‘UK vehicle boom drives new car sales to 12-year high’
London, Feb 6 (IANS) The number of new cars registered in Britain hit a 12-year high in January, an industry body said on Monday.
Although the Society of Motor Manufacturers and Traders (SMMT) had warned of a slowdown in trade in 2017 due to a weak pound, but there was no sign of deceleration in the year’s first month’s numbers, the Guardian reported.
Drivers registered 174,564 cars in January, up 2.9 per cent on 2016, to reach the highest monthly level since 2005, with electric vehicles taking a record market share.
Alternative fuel vehicles such as the Nissan Leaf, increased by a fifth to reach a record 4.2 per cent share of new vehicle registrations, beating a previous high of 3.6 in November 2016.
Petrol cars sales were also up strongly, gaining 8.9 per cent, while diesel car registrations went down by 4.3, continuing the fall seen in December, amid suggestions of higher taxes to curb emissions.
The SMMT Chief Executive Mike Hawes said he expected some “cooling” in the car market as the year progressed.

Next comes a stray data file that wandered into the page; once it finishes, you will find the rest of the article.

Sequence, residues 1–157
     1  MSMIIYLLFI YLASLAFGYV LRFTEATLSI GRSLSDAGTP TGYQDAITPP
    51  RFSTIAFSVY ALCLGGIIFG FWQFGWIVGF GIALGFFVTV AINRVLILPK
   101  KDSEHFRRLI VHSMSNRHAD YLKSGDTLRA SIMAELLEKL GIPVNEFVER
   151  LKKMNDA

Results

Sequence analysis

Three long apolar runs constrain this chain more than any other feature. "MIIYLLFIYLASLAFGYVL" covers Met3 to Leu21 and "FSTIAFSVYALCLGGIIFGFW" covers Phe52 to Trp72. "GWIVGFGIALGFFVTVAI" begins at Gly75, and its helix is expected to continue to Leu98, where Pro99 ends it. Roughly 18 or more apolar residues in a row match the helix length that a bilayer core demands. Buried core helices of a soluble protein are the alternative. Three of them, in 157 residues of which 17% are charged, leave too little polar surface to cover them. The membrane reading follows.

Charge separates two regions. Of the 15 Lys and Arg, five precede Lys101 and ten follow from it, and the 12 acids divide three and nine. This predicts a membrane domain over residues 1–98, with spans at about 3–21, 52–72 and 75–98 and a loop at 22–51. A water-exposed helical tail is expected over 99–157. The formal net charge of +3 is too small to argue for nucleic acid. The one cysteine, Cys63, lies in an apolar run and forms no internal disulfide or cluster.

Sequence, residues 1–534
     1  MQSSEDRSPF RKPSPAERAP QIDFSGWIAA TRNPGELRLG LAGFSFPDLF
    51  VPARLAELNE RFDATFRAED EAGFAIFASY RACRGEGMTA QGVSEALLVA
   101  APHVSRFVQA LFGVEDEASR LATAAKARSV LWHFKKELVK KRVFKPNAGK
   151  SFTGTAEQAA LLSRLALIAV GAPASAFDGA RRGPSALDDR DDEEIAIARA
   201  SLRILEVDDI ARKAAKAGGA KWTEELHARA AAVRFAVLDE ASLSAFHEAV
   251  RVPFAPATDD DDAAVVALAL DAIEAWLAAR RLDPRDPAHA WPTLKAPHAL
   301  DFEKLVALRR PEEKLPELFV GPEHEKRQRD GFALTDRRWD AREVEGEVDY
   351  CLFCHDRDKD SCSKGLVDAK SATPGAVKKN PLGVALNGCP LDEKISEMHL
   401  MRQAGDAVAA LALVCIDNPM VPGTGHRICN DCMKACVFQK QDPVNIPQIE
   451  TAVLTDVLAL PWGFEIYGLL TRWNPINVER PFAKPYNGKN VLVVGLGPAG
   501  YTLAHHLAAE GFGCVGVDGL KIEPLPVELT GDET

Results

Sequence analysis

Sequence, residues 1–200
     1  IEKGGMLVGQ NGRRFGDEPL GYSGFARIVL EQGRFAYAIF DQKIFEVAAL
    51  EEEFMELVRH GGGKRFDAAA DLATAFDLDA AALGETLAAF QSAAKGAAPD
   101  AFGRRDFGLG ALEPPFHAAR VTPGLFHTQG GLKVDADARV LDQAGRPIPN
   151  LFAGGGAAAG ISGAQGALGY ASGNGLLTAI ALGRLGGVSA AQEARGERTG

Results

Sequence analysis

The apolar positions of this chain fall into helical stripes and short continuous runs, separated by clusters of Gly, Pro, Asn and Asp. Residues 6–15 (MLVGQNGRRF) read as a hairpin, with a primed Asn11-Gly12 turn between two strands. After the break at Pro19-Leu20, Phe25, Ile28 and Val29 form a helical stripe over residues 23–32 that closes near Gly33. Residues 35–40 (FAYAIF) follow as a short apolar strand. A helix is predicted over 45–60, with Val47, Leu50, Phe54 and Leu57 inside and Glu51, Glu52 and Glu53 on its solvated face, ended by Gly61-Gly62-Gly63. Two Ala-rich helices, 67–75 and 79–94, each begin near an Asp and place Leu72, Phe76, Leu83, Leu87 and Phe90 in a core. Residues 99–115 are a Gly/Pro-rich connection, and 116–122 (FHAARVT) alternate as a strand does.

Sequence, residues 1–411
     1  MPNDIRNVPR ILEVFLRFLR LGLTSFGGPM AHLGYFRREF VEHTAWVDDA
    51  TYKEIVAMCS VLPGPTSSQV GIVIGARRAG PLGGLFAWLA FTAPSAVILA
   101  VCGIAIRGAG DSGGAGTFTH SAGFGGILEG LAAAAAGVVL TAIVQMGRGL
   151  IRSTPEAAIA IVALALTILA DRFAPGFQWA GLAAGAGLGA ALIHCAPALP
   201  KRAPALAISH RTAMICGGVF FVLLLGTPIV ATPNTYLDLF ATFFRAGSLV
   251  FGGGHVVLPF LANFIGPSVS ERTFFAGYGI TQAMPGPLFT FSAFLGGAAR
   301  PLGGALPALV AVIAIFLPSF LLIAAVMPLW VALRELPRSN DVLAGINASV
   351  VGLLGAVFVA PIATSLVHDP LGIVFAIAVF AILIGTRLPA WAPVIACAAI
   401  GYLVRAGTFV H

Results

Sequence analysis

However, he adopted a more upbeat tone than at the end of 2016, when he warned of a “challenging” 2017, with the weakness of the pound likely to increase the cost of imported parts, pushing up car prices.
He said January’s numbers were “buoyed by a great range of new models which are safer and cleaner than ever before”.
He added: “It’s encouraging to see alternatively fuelled vehicles benefiting from this positive growth, reaching a record market share.
“After record growth in 2016, some cooling is anticipated over the coming months, but provided interest rates remain low and the economy stable, the market is in a good position to withstand its short-term challenges.”
The Ford Fiesta remains the UK’s most popular car, followed by the Volkswagen Golf and Ford Focus.